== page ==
Doctor 'interfered' with patient's right to speak Welsh
A doctor who asked a mother and daughter to stop speaking Welsh in an emergency consultation ignored their right to speak the language, the Welsh Language Commissioner has ruled.
The doctor told Dorothy Williams, from the Conwy Valley, that he took it "as a personal offence".
Commissioner Meri Huws said it set a precedent for all health boards and she would "keep an eye on the situation".
Betsi Cadwaladr Health Board has accepted the ruling.
Mrs Williams, from Dolwyddelan, said she was "very relieved" at the decision.
She told BBC Radio Cymru she hoped the health board had "learned lessons, and do what they say... time will tell".
Mrs Williams, reported the incident at Glan Clwyd Hospital, Denbighshire, at the start of May.
In her submission, she said: "My child started speaking to me in Welsh, as it is [the child's] first language. I responded in Welsh and it was clear that the doctor wasn't pleased.
"[The doctor] told us, 'I know you are Welsh but please stop talking in Welsh as I am taking it as a personal offence'."
The health board said the doctor was so concerned about the patient's safety in a clinically urgent situation that they asked her to stop speaking Welsh.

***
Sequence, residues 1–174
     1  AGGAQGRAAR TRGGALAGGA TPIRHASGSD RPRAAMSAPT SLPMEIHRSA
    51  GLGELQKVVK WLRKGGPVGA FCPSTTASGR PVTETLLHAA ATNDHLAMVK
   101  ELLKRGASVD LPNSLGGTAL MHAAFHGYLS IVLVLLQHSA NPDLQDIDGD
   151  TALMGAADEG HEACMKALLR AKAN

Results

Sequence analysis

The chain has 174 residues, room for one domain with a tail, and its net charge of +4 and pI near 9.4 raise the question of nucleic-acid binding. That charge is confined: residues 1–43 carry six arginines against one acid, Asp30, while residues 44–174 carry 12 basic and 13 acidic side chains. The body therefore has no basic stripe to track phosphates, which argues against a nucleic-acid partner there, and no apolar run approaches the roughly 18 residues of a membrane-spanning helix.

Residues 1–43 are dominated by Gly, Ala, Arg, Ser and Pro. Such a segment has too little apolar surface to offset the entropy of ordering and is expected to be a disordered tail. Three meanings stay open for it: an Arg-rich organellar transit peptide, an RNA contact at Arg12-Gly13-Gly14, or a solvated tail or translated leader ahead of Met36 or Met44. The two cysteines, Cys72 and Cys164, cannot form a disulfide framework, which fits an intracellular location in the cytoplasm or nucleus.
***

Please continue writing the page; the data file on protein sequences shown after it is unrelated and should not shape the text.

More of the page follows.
"[The doctor] took this as a personal offence because unless [the doctor] was able to communicate with [the child] directly, [the doctor] would be unable to give [the child] the urgent help [that the child] needed," the board explained.
The doctor apologised at the time and had realised that the choice of words "was clumsy and could cause offence". The family also had a written apology.
Commissioner Ms Huws said the doctor had sought to prevent the pair from communicating in Welsh and there was no legal or medical justification for it.
"That's been accepted by the health board in its statement that this situation is not acceptable or reasonable for the parent or child," she said.
"They as health service providers need to be planning and securing it where that communication can occur through the medium of Welsh."
Betsi Cadwaladr health board said it had already taken action on the matter.
"We recognise and fully accept that on this occasion there was interference by the doctor with the patient's freedom to use the Welsh language," a spokesperson said.